"We explored some challenging questions and worked on an application for a leadership development program at my mentee's agency. We discussed how to best handle it should she not be selected and some ideas on how to create a briefing on partnering across boundaries. I thought it might make a nice briefing for a variety of audiences and encouraged her to work on it. We also discussed possible shadow assignments and next steps for her career."
In the pairings that mentors perceived to be less successful, the mentors only reviewed rÃ©sumÃ©s and listened to the mentees voice their career concerns; however, they were not sure if their advice had been helpful or put into practice.
Participants were asked: "How could the GovLoop Mentors Program be improved for future participants?" Two suggestions were most prevalent among responses: lengthen the program and host an in-person kickoff session. In response, the Spring 2012 GovLoop Mentors Program responded to those requests.
Expand to Four-Month Program
Several respondents indicated that they would benefit from having a longer program to schedule more meetings with their partners. To accommodate more mentoring relationships over the course of a year and to offer more personalized support to the pairings, GovLoop chose to run two, four-month cohorts—one in spring 2012 and one in fall 2012.
Host a Kickoff Event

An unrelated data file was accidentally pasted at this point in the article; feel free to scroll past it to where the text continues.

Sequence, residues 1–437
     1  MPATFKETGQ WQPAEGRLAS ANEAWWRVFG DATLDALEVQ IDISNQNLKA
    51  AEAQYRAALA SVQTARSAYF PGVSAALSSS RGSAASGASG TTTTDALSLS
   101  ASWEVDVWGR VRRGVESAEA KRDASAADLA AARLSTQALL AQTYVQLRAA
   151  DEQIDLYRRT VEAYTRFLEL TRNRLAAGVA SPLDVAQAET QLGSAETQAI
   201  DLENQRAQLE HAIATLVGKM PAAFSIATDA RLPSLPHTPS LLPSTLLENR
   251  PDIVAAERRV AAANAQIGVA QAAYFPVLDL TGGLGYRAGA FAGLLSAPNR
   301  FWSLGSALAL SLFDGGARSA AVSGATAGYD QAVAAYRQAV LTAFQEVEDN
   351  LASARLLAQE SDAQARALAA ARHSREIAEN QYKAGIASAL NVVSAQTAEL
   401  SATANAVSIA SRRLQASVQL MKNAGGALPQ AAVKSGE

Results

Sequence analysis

Hosting an event with all the mentors and mentees in the program in the very beginning will address multiple issues that were mentioned in responses. First, it will offer an opportunity for pairings to meet in person. Even if they choose to meet by phone for the rest of the program, this initial meeting should strengthen the relationship from the outset. Second, it will give all participants the chance to network with other members of their cohort.
Start Competitive Selection
Due to a significant increase in interested mentors and mentees, the GovLoop Mentors Program moved to a more selective process for the spring 2012 program. It also expanded from 50 to 100 pairs. A competitive process scored mentees according to their previous track record of success, completeness of application, long-term career goals, and specific outcomes for the program.
Each applicant's profile received a thorough review by at least two members of the GovLoop team, which led to a composite score. While mentors were not selected via a competitive process, each of their profiles also was reviewed to ensure that they had provided enough information for the mentee to make a decision and to ensure that that they had an appropriate level of experience for the program.
In response to the original question, "Can a virtual, government-wide mentoring program work?" the answer appears to be "yes." For instance, one mentee remarked:
"I have very much enjoyed my mentorship, and we plan to continue it after this pilot ends. In particular, my mentor has given me excellent advice on how to handle different situations at work and helped me examine issues that are common across federal departments."
This comment from a mentor best summarizes the potential of such a cross-government program:
"I felt like we connected, and that many of the challenges my mentee was facing were similar to those I've faced in the past. Much of my experience came from 30-plus years in federal government. â€¦ It was somewhat surprising to me that many of the issues are still the same today, and as prevalent in city government as they were in federal service."
Geographic distance still presents a noteworthy obstacle to address in subsequent iterations of the program; however, the overall differences in agencies, backgrounds, and experiences appear to be a program asset.